ESCONDIDO — In an April 25 ruling, the U.S. Court of Appeals for the 9th Circuit concluded that the Escondido Police Department did not commit an unconstitutional violation during a May 2013 altercation in which a resident was tackled to the ground.
The Appeals Court was tasked with answering the question, under U.S. constitutional law, if “clearly established law prohibit(s) the officers from stopping and taking down a man in these circumstances?”
The original plaintiff in the federal case which began in U.S. District Court for the Southern District of California in 2014, Marty Emmons, alleges that the police acted outside the bounds of the Fourth Amendment constitutional protection against “unreasonable searches and seizures” by rushing to use force on him at the time.
The city of Escondido has argued that the “qualified immunity” doctrine developed over years of federal court rulings prevents such a legal complaint from bearing fruit.
Qualified immunity gives broad deference to law enforcement during use of force incidents.
Emanating from the 2011 9th Circuit case Ashcroft v. al-Kidd, that ruling created a test of what a “reasonable official would have understood that what he is doing violates that right.”
Looking at the stack of case law on the books, the court ruled in favor of the Escondido Police Department.
Pointing to the 2018 U.S. Supreme Court Kisela v. Hughes, the 9th Circuit ruled that Emmons would have had to found an appellate court case with a nearly mirror image fact pattern in which the plaintiff won on similar grounds to pass legal muster.
“Use of excessive force is an area of the law ‘in which the result depends very much on the facts of each case,’ and thus police officers are entitled to qualified immunity unless existing precedent ‘squarely governs’ the specific facts at issue,” the Supreme Court ruled in Kisela v. Hughes.
After doing its own research, the Appeals Court concluded it could not find such a case and that the ones Emmons cited did not fit that bill either. And thus, the officers at the scene in 2013 were “entitled to qualified immunity,” the court ruled.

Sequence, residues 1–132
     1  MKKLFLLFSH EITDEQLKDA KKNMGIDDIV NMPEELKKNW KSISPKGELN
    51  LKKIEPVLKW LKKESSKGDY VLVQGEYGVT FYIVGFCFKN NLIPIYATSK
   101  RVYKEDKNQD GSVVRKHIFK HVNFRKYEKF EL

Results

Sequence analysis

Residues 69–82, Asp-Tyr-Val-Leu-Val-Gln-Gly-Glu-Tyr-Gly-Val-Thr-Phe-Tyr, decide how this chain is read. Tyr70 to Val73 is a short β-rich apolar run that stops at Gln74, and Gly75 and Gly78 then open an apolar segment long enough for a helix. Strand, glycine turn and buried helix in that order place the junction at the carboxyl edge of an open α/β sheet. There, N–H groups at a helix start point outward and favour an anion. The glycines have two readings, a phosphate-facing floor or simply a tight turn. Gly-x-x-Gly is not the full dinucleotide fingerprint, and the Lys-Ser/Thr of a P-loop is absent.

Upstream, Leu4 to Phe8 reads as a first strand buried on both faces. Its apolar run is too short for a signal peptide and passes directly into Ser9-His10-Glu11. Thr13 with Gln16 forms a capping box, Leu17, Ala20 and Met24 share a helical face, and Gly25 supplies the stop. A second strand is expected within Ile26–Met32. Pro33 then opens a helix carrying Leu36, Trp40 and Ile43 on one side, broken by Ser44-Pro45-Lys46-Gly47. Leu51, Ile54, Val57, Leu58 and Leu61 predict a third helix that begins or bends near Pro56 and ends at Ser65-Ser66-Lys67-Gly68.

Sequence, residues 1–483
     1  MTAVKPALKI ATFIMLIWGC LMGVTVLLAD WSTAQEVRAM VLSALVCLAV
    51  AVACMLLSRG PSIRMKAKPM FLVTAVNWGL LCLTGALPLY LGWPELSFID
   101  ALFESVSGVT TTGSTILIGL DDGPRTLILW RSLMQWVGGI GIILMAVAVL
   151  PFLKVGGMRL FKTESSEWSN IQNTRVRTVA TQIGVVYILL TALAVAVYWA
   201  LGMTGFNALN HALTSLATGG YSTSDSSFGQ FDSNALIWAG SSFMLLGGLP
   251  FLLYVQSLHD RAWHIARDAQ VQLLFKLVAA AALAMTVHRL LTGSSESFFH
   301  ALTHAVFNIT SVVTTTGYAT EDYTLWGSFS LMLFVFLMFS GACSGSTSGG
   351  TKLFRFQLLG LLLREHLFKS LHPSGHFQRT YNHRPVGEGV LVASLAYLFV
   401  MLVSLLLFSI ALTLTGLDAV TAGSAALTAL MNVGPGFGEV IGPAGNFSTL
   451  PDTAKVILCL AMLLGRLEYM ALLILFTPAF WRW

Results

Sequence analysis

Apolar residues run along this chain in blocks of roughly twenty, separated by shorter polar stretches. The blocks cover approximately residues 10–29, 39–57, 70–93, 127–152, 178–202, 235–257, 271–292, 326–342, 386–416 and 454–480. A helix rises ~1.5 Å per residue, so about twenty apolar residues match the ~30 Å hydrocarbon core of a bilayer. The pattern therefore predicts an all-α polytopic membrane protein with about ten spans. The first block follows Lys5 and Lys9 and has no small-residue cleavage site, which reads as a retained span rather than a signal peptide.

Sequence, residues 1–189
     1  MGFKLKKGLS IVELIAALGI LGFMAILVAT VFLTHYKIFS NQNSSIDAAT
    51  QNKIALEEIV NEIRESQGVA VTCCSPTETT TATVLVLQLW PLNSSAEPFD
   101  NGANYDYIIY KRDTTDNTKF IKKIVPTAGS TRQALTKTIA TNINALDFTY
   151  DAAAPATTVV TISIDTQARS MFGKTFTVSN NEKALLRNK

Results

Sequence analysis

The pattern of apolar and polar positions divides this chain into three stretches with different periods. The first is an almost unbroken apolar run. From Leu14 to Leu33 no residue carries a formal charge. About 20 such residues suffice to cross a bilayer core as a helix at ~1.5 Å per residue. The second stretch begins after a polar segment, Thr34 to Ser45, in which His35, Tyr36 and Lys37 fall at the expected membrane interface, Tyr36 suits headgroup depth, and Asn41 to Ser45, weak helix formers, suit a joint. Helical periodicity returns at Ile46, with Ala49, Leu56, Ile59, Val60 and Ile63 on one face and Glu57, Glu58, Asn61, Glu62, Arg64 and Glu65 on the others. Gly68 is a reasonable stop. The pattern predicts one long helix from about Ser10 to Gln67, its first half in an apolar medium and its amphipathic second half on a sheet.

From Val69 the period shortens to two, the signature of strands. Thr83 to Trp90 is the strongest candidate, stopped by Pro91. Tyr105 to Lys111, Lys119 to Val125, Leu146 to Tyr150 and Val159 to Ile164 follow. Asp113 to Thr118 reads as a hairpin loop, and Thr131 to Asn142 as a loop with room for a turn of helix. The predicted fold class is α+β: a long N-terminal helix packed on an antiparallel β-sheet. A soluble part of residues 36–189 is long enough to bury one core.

Trenton Lamere, an attorney for the Singleton Law Firm — which represented Emmons in the case — said he believes the ruling points to broader issues inherent in what he called the “legal fiction” of the qualified immunity doctrine itself.
“Despite there being several prior cases in which similar conduct was found to be unconstitutional, the Ninth Circuit (following recent Supreme Court guidance) concluded these prior cases didn’t provide enough ‘warning’ to police officers that tackling an unarmed, non-threatening elderlyman would violate the Fourth Amendment,” Lamere wrote via email. “These officers are individually immune from even having to defend against this lawsuit. And to make matters worse, the Ninth Circuit (again following Supreme Court guidance) refused even to analyze whether the conduct alleged in this case would be a violation of the Fourth Amendment.”
Just two weeks before the Appeals Court published its ruling, a consortium of cross-ideological groups and legal scholars petitioned the U.S. Supreme Court to reconsider the qualified immunity doctrine.
Lamere said his firm will continue the federal civil lawsuit alleging that Escondido Police committed a constitutional violation under the legal precedent set forth in the case Monell v. Department of Social Services of New York.
Monell is a 1978 U.S. Supreme decision which determined that municipalities can be held liable for conduct which results in constitutional violations, as well as decisions to “ratify or approve unconstitutional conduct after the fact,” Lamere explained.
Emmons alleged a Monell violation in his initial 2014 U.S. District Court complaint, but the court issued a summary judgment ruling which only grappled with the qualified immunity doctrine, dismissing only the claims asserted against the individual officers.
City of Escondido attorney Michael McGuinness did not respond to a request for comment for this article by press time.